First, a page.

In an unprecedented move, New York Times public editor Arthur Brisbane took to the pages of his newspaper on Sunday to pledge to the reading public that they would do a better job vetting the president. Yes, you read that right: the New York Times is now channeling Andrew Breitbart. Here’s what he wrote:
The Times needs to offer an aggressive look at the president’s record, policy promises and campaign operation to answer the question: Who is the real Barack Obama?
Brisbane admits that critics “view The Times as constitutionally unable to address the election in an unbiased fashion.” He admits that The Times “basked a bit in the warm glow of Mr. Obama’s election in 2008.” (That phrase, in and of itself, constitutes significant pro-Obama bias, of course – he uses it twice in the course of the article.) But, he says, the bias wasn’t purposeful: “I think [our reporters] see themselves as aggressive journalists who don’t play favorites.”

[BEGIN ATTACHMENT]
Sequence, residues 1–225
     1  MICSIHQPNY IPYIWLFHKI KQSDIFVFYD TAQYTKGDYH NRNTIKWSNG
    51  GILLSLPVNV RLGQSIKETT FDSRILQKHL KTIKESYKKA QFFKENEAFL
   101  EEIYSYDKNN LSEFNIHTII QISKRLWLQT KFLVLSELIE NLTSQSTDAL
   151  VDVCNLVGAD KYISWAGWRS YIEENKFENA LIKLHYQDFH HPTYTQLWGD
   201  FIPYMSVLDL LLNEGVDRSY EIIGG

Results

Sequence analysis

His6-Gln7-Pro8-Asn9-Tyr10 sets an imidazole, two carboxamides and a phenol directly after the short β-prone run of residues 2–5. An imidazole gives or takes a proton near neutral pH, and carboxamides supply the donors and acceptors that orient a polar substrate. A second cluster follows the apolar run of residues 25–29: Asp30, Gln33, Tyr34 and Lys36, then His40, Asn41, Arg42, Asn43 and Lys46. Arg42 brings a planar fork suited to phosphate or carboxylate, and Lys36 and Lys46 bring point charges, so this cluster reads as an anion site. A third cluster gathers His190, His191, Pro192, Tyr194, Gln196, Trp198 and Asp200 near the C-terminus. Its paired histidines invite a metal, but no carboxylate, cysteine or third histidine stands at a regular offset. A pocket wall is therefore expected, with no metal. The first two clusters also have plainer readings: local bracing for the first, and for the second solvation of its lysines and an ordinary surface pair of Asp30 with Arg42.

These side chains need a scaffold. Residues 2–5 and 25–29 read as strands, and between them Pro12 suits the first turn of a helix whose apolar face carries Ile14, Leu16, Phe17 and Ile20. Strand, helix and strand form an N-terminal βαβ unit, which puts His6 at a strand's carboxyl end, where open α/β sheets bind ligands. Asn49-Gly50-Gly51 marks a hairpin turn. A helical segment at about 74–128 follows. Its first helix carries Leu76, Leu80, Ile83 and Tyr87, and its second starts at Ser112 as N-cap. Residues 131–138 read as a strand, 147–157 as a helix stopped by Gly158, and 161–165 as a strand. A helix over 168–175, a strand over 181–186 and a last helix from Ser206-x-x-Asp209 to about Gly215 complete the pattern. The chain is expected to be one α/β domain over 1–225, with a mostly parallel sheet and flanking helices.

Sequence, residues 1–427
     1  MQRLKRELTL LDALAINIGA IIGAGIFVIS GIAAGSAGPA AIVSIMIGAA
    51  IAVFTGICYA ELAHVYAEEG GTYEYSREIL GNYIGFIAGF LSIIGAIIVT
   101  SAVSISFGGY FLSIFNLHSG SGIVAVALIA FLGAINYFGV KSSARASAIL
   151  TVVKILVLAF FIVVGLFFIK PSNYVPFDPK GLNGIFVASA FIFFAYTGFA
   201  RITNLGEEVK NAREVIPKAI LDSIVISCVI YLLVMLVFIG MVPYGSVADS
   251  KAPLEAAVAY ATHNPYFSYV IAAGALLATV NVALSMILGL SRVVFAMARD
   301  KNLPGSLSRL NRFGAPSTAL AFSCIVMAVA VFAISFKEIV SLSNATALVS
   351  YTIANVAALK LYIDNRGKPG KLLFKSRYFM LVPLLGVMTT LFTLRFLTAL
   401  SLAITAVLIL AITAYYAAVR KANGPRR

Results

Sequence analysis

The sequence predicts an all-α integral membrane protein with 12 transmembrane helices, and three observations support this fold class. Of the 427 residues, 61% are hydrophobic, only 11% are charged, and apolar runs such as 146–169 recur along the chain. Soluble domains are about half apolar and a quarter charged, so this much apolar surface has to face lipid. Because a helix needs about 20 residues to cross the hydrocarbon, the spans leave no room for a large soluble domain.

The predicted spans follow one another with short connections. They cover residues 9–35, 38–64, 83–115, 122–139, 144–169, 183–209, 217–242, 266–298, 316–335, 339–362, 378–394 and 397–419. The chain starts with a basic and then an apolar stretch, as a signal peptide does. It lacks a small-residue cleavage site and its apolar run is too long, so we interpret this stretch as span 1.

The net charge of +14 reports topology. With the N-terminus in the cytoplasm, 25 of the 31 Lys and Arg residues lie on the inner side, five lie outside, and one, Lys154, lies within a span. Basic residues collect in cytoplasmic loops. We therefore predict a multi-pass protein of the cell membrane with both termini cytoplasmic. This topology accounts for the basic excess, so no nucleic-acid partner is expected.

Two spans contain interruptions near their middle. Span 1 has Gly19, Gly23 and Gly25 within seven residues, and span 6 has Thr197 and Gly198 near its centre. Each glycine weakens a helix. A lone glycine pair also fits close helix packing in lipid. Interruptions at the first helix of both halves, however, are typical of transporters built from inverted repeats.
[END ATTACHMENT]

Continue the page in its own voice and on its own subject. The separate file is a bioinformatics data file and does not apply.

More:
Finally, he says, “The warm afterglow of Mr. Obama’s election, the collateral effects of liberal-minded feature writers – these can be overcome by hard-nosed, unbiased political reporting now.”
A laudable goal, to be sure. But will The Times hold up its end of the bargain? So far, so bad. While the Times has run a couple of pieces criticizing President Obama, they’re also parroting Media Matters talking points – today, for example, they ran a piece about the American Legislative Exchange Council, labeling it a “stealth business lobbyist.” If that were true, virtually every liberal 501(c)3, particularly the Center for American Progress, would be guilty of the same thing. But that doesn’t stop the Times.
Perhaps the Times will turn over a new leaf. But before we give them credit, let’s verify that their new leaf looks somewhat different from the old leaf.